Villa de Leyva is a fantastically well preserved town located around 3 hours from Bogota. Apart from its huge and spectacular main square there isn’t a lot to the city but it’s a great place to enjoy the scenery, food and outdoor adventures outside the town. On the way from Bogota to Villa de Leyva an interesting stop is to visit the Salt Cathedral of Zipaquirá, an underground Roman Catholic church built within the tunnels of a salt mine.
Located within the spectacular coffee triangle of Colombia, Salento is a small and vibrant town and a great base for exploring the surrounding areas including the spectacular Cocora Valley which I mentioned previously. All the houses in town are made with white walls and colourful wooden doors and you can find some excellent craft shopping in the main square.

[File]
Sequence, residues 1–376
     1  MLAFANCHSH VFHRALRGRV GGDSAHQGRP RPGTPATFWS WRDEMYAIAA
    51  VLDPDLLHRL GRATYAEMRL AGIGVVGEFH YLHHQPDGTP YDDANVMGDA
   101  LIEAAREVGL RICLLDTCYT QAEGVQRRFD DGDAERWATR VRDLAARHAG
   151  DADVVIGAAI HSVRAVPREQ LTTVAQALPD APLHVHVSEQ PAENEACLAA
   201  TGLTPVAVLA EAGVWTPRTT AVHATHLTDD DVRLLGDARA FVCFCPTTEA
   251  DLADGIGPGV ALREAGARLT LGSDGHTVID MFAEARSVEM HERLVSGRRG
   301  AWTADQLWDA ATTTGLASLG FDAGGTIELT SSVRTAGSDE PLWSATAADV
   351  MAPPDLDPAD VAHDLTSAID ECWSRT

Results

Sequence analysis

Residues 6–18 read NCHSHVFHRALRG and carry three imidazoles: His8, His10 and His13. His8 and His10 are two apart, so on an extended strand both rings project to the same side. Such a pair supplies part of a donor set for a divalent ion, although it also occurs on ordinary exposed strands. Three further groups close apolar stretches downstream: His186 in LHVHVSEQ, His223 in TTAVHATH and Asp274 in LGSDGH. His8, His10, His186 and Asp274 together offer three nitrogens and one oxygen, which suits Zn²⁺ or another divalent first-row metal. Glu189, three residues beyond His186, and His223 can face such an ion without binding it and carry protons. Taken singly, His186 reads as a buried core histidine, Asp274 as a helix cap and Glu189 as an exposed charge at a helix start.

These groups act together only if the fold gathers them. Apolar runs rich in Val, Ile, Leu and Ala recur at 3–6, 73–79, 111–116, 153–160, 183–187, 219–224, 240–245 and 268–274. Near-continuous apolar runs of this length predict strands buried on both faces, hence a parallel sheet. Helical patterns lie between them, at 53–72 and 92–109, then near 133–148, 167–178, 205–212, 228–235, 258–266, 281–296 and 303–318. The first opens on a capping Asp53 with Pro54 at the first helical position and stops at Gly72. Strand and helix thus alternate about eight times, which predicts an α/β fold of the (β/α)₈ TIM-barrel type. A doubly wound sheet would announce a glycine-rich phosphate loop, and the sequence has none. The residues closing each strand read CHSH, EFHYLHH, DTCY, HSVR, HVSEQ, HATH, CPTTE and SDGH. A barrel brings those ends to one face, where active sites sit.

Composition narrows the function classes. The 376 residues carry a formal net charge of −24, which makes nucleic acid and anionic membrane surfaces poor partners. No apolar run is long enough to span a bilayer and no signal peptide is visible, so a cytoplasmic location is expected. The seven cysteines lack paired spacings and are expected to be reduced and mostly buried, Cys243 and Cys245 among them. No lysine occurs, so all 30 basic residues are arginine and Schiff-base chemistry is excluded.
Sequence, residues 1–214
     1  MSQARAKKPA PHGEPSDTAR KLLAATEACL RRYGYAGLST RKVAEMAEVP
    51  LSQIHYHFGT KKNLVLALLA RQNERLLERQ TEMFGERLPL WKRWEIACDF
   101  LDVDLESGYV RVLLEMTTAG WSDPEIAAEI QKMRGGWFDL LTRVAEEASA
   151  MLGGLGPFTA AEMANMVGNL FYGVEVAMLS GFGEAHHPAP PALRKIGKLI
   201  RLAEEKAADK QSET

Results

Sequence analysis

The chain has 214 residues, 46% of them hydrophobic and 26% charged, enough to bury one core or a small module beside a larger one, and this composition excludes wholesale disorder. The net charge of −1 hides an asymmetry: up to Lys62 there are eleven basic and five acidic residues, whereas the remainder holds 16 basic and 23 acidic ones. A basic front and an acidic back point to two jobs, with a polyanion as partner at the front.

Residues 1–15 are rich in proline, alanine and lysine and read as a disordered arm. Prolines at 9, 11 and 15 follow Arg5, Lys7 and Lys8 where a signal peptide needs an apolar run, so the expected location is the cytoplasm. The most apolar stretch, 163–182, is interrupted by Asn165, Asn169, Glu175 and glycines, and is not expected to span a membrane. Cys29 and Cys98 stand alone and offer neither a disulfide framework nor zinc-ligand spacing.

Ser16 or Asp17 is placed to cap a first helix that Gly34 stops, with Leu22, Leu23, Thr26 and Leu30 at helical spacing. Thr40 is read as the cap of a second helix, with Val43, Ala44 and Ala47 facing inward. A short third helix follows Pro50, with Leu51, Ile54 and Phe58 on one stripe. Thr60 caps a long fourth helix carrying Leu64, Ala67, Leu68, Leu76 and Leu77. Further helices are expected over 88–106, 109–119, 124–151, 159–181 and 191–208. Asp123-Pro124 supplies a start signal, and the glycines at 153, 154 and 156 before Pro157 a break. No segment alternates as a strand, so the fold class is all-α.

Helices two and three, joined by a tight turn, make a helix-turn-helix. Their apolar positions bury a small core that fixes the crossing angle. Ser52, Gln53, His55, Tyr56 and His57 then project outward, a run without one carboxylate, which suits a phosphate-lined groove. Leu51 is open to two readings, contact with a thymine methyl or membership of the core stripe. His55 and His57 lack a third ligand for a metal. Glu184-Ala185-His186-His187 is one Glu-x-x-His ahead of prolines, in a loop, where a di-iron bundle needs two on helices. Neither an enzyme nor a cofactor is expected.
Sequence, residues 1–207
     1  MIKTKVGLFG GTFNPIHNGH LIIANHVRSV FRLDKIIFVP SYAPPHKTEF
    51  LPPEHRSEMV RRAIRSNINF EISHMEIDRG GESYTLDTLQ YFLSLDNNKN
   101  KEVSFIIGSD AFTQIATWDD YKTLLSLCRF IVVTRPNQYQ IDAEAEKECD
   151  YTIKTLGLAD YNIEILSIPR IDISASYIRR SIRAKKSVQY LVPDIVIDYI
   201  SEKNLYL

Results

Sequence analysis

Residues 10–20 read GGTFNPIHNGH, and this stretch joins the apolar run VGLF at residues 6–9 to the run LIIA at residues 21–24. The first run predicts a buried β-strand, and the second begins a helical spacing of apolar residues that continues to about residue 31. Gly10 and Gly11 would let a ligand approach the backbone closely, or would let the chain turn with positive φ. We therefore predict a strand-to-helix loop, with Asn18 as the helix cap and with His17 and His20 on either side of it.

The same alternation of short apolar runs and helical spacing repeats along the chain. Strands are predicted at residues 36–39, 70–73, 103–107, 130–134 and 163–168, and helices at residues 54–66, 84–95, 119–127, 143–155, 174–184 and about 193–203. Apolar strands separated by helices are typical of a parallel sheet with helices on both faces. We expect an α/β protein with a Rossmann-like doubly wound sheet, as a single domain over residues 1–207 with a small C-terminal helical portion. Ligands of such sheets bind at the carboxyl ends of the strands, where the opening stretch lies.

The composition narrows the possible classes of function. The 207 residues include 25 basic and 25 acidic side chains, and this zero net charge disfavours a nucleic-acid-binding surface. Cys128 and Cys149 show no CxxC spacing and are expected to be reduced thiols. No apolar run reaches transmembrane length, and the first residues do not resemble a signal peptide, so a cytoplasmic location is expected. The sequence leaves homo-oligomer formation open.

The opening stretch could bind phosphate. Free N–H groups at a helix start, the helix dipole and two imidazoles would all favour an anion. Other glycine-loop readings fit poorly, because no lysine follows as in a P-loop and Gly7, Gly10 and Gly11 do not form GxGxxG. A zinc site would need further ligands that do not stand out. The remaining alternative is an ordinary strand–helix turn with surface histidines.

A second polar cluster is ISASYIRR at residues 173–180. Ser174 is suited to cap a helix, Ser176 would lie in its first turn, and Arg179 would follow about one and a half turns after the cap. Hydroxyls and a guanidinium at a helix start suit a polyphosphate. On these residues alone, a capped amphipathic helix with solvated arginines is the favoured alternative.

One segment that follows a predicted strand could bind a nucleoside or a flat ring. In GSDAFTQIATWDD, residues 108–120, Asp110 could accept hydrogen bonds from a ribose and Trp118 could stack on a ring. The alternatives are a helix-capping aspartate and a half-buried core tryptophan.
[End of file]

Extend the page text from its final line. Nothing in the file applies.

Gastronomy certainly wasn’t on the agenda for my trip to Colombia so I was pleasantly surprised to find exciting and varied cuisine. In Bogota where we enjoyed a lively steak dinner at the famous Andres Carne de Res DC restaurant and tried Chicha a traditional fermented corn drink and a local pale at the Bogota Beer Company. In Santa Marta we enjoyed the best ceviche I’ve ever had at a local restaurant and throughout the trip we enjoyed a variety of foods we’d never tried like the popular ‘arepa’ corn patties and empanadas, both of which were often made with cheese, meat, eggs or a variety of other fillings.
Finally the colours and flavours of the fruits that flourish in this rich area are not to be missed. Names like Cherimoya, Guanabana, Lulo, Mamoncillo and Pitahaya will surprise and entice you throughout your trip.